Regarding your programming experience, you sound on-par or above the kind of experience that game-school graduates will have, so you're probably hireable for entry-level games programming roles. If you want to do some portfolio work, I'd put together a simple playable game demo of some sort.

#3 Tom Sloper   Moderators   -  Reputation: 10157

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Posted 03 February 2011 - 12:46 AM

what I should be refining/studying during my free time this year to put myself in a better position when I begin the job search.

Focus, and a focused portfolio.
Focus on the specific role you want to do, and make a portfolio that demonstrates your suitability for that specialty.
Check out the info in this forum's FAQs, and choose your focus.
-- Tom Sloper
Sloperama Productions
Making games fun and getting them done.
www.sloperama.com

Please do not PM me. My email address is easy to find, but note that I do not give private advice.

#4 Uthman   Members   -  Reputation: 480

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Posted 03 February 2011 - 01:00 AM

right. you don't need to program a full game or create a portfolio with a million examples. Just focus on one thing and demonstrate how gangster you are at fulfilling it.

and never give up on your dream. once you're "in" you'll have plenty of opportunities for exploration.

"a low level aho master like you couldn't kill me even if I let you"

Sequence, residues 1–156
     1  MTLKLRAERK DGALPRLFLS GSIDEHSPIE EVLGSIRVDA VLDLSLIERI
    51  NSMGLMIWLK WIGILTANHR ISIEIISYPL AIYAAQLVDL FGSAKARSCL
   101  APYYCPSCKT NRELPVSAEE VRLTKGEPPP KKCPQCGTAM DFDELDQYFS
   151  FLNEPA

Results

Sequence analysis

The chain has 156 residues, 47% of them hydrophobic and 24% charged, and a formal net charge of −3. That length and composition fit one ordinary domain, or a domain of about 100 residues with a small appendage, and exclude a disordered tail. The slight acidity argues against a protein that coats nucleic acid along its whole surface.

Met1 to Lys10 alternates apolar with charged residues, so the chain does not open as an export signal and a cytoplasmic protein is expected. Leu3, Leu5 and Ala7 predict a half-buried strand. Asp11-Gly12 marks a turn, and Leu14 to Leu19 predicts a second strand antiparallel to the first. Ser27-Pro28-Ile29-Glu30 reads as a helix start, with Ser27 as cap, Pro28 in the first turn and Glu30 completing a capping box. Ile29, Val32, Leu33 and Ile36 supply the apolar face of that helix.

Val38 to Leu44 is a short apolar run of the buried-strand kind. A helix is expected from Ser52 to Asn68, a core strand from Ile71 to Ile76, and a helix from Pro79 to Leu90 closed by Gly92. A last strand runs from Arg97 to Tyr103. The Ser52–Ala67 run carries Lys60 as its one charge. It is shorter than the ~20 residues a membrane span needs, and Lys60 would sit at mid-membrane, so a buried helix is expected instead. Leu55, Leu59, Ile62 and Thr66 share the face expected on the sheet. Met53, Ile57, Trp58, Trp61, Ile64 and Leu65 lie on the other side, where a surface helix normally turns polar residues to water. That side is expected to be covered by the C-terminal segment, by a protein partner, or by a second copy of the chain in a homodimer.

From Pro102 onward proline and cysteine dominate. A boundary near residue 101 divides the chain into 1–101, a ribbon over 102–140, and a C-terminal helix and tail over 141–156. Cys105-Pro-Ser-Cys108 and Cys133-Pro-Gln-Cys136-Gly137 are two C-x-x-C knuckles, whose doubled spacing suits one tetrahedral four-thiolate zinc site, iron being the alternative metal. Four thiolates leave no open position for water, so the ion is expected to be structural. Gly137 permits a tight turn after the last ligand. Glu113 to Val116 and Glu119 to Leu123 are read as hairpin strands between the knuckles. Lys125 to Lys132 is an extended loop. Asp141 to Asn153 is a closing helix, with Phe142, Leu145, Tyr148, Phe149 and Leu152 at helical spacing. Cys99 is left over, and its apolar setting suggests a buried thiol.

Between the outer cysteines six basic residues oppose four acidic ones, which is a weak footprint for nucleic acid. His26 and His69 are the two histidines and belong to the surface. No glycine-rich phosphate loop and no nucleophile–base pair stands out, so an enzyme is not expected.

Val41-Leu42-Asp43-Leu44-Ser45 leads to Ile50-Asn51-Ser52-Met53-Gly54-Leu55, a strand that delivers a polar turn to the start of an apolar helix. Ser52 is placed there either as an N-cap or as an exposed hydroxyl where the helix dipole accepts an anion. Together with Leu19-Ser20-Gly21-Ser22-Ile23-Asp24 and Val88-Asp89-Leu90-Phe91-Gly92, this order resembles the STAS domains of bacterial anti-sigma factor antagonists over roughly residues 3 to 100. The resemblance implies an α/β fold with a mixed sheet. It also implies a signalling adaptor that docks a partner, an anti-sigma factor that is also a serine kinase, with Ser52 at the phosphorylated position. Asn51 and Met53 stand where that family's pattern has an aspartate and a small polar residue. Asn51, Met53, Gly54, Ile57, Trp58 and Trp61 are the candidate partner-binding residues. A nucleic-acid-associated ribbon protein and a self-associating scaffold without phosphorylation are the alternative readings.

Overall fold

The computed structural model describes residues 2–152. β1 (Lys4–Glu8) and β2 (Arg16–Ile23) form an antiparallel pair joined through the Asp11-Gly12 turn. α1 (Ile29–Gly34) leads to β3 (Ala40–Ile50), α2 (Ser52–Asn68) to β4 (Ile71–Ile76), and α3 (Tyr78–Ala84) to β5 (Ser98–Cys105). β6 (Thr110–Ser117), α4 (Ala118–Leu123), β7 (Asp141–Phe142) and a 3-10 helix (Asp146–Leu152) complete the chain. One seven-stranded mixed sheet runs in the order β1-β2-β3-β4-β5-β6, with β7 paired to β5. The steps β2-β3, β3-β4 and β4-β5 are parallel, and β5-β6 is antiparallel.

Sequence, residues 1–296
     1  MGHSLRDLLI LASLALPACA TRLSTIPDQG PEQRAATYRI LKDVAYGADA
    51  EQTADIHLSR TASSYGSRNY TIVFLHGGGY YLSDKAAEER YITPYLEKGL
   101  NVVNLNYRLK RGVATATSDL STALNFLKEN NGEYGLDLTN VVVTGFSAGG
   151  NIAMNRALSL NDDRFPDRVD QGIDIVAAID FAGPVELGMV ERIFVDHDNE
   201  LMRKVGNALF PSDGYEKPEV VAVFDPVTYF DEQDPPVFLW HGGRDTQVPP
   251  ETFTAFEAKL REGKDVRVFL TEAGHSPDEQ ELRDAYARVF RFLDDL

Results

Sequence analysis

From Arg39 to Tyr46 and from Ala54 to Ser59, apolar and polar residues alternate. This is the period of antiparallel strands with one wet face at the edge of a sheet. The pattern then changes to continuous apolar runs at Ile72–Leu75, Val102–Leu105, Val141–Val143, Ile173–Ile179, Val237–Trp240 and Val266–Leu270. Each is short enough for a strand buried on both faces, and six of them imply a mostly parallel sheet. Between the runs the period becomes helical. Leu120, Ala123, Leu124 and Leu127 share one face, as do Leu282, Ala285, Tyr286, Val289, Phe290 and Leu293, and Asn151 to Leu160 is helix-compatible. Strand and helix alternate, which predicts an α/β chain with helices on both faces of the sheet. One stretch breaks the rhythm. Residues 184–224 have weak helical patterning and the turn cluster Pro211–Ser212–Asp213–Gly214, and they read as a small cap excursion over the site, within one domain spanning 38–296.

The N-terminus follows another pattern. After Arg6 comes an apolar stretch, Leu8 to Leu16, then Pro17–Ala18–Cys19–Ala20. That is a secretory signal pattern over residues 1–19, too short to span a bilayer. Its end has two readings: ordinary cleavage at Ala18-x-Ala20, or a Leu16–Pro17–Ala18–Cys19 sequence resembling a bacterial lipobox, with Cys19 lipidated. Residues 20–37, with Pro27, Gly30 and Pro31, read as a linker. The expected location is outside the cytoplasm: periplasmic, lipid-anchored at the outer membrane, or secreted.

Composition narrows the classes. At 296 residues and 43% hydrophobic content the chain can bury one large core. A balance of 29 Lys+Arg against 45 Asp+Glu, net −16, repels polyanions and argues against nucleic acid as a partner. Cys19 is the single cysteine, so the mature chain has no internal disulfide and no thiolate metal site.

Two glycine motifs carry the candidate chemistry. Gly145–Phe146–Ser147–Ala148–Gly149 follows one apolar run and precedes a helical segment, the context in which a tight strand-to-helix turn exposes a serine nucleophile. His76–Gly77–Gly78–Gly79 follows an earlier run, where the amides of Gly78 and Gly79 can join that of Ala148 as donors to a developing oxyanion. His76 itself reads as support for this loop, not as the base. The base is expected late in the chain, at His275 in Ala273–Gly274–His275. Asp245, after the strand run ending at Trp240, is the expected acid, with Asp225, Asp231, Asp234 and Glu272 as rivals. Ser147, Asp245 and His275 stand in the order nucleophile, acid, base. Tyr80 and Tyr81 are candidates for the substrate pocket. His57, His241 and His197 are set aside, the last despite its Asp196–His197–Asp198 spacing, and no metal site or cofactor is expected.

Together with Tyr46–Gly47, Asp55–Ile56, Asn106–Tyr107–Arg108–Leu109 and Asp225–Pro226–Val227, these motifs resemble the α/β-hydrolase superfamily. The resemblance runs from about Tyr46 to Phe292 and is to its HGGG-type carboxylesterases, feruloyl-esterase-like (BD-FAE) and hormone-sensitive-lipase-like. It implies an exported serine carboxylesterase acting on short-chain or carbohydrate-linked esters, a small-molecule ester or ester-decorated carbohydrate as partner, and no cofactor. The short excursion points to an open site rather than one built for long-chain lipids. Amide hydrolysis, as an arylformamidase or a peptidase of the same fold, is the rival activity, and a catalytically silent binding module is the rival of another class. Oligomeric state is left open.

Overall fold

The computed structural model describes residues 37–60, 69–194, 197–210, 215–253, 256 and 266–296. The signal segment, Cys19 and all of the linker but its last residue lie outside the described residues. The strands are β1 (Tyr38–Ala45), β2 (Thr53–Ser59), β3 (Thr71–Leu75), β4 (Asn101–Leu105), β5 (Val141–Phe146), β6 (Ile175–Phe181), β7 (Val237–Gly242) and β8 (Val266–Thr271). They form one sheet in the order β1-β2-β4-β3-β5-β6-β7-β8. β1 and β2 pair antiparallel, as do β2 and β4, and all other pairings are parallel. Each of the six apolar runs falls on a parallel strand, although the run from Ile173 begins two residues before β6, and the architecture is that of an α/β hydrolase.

#5 Kayzaks   Members   -  Reputation: 137

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Posted 03 February 2011 - 03:11 AM

Speaking as a mathematician, turning to GameDev shouldn't be all that big of a problem for you.

Don't worry about not knowing too much DX/OpenGL at this point, try reading up on the Principles/Workings behind them so that you don't feel completely lost during job interviews.

I think if your probably best of breaking into the industry by first going for a Game Physics related Programming job. The problem with this is obviously that you are probably going to be type casted for future Programming roles.



#6 ionized   Members   -  Reputation: 100

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Posted 04 February 2011 - 12:15 AM

Thank you very much. I was a little hazy as to whether it would be better to appear diverse or focused - but it seems to have been answered pretty clearly here. I'll focus on making myself a good candidate for a junior programming position.

#7 Splinter of Chaos   Members   -  Reputation: 239

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Posted 04 February 2011 - 04:51 AM

I don't think it's better to be either, but few people can pull off a Jack of all trades as well as a master of all. And since there are so few with so many talents, no one is looking to hire people like that, as noted by Hodgman.

I do know of some very talented developers who do all the story, art, music, and programming for their solo-produced games, but only in the independent gaming crowd.